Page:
Posted: November 28, 2013 in New Mixed Media art

bordersHi all

Happy Thanksgiving!

So, I can imagine y’all at the dining table sitting down to a huge meal and thinking, “How does TL put borders in her journal?” The answer is “in a variety of ways, one being not to have borders at all.” But this seemed like the cheap way out what with you so interested and junk.

Many of my regular readers know that I work in an old out-of-date map book. This book has close to 300 pages, but it usually seems like more. I looked at the back pages and there are about 50 index pages with long lists of names of towns. Not as interesting as the map pages with the variety of colors and lines. Since this is really my everyday go-to journal I decided to re-mind myself of some of the good stuff I still have to work with.  I put a bunch of them down on this page at the back. I also started a page for transfers that are easy and work for me but that is harder to do than borders and after all it is a holiday.

At the top I’ve sampled the idea of creating lines and stamping words. Words could go all around the page and perhaps that would be the only text on the page. Or one could stamp or write out a quote around the page edges. Under that I adhered a gift wrap page portion of a design by Kate Greenaway that has a linear feel to it. That can also be a neat and tidy border idea. Around the page edges I used dry cleaning labels. They are not self-sticking but they are a good size for a border and have bold words on them. Unfortunately, the words pertain to garments that need dry cleaning. Go figure. But sometimes as I review a journal page I enjoy being reminded to crease, fold and do-over. On the other page edge opposite is another dry cleaning tag, this one is number tags that are perforated. My sister used to manage a dry cleaning store and that’s how I came to be aware of these wonderful tags. Lest you think she to be of a thieving nature I assure you that I bought them myself, to the tune of about 30,000 labels. I am not making that up. Better, if you are interested, to go to your dry cleaner and ask for several for a few pages.

Going left to right, the next border is an office supply, the sort of pricing circle you get for your yard sale items. They come in lots of different colors and are probably available at the dollar store. They are self-adhesive which is so quick and easy, plus a good size. They can be used as a mask too, since the adhesive is light and they are easily removed. Next to the circles is a section of graph paper. You will notice it has bubbles and looks very amateurish for an expert like me. Sometimes I do this sort of thing so that peeps aren’t intimidated. I love graph paper! I like to fill in some of the grid to make neat patterns.

Beside the graph paper is the inside of a security envelope. I really like the patterns on the inside of these envelopes I get for free all the time in the mail. Evidently companies expect me to send payments to them on a regular basis. HA! Instead, I use their envies in my journal! That’ll learn ’em.

Now, this next border is a little tricky to describe. See the bright green paper with the black grid on it? See the black grid stamped on the map, if you skip the honeycomb pattern? This is a BOGO. I wanted to show you how to use part of a stamp for a border of any size you want, rather than a big whole stamp. So I used the green notepaper to mask the slide holder to the right, stamped, then used the mask that got stamped as well. This was such a slick move I impressed myself. The honeycomb was a stamp image I used in my toner copier. I had a little left and thought it would be a good example of a larger stamp cut down to border size. The last example on the right is a slide holder. Imagine little drawings or pix inside each frame. Not so easy to find, try thrifts or yard sales.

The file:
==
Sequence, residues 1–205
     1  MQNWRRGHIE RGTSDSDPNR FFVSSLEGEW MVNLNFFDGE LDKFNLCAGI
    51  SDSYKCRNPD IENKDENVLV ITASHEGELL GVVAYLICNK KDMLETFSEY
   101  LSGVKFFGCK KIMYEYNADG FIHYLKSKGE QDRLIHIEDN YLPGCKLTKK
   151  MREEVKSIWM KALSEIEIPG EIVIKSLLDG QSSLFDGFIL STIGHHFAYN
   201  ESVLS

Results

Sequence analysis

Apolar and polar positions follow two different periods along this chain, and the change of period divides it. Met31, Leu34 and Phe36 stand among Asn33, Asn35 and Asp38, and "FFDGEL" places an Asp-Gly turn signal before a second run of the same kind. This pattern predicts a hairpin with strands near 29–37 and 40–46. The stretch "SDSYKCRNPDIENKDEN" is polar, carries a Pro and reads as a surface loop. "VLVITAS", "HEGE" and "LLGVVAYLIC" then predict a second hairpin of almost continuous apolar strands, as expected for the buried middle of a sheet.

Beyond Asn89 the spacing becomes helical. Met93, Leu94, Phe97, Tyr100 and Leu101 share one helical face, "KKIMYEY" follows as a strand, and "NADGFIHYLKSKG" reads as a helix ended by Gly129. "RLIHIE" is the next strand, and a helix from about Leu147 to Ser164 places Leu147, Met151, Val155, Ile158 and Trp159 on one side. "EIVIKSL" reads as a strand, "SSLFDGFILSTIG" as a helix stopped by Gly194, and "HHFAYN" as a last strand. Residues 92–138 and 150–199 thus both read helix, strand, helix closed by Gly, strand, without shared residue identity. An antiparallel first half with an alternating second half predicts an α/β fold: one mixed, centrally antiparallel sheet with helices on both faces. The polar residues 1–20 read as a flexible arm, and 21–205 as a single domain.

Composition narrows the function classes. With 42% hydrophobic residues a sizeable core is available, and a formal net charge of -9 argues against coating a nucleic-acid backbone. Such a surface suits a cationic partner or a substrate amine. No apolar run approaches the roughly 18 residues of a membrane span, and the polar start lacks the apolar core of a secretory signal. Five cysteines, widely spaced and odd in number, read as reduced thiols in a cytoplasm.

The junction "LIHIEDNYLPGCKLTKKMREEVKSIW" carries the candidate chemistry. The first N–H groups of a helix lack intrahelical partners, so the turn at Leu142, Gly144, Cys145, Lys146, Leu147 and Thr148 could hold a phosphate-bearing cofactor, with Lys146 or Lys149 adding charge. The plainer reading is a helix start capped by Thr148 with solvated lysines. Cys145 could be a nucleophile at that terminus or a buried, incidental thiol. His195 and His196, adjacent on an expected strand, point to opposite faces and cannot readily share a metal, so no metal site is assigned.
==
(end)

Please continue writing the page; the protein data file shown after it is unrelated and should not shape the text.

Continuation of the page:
Beneath all those samples is a brown paper cut on one edge with a fancy scissor. Of course you could cut both sides of the brown paper with a fancy scissor, even with two different scissor patterns if you might be so bold. Brown paper is AWESOME! It takes rubber stamps really well, and paint too. Very versatile.

Our next border is old school pix of kids that I got from somewhere. Old yearbook pix are good for this, just the right size. Copy them so that you have enough to get around the page where you want them. A really bad copy can be fun. Under the kids is a border made from a tape that teachers use. I believe it is the dollar store again. I like this tape because there are not only numbers but also the number is written out in text. It is not self-adhesive.

You probably wonder what adhesive I use. I am a Mod Podge girl. Yes, I know, it is not archival. It yellows over time. But I find its benefits far outweigh the yellowing. Firstly, I buy it by the gallon and it is so much more reasonable than matte medium and gels. It also dries quickly, and acts as a barrier coat. Nothin’ gets through that stuff. So it’s a resist.

Last but not least, I left the map markers on the page. Some altered book journals have built-in borders. This is a cool thing. It gives the pages consistency if you leave the markers intact page to page.

I hope you’ve enjoyed my Journal Journey Through the Wonderful World of Borders. I know I have and that’s what matters to me. I also want to remind you that a professional blogger keeps their blog to no more than 400 words. This is to ensure that the reader doesn’t become bored and jump off the page. Obviously, I do not subscribe to this line of thinking. I think along the lines of holding you ransom. For instance, you don’t get to leave the blog post until I have wrung you dry by the end of it. I want you begging for mercy and running to put borders all over everything because you are afraid not to.

On an entirely different note, we watched Kon Tiki last night. Very enjoyable.


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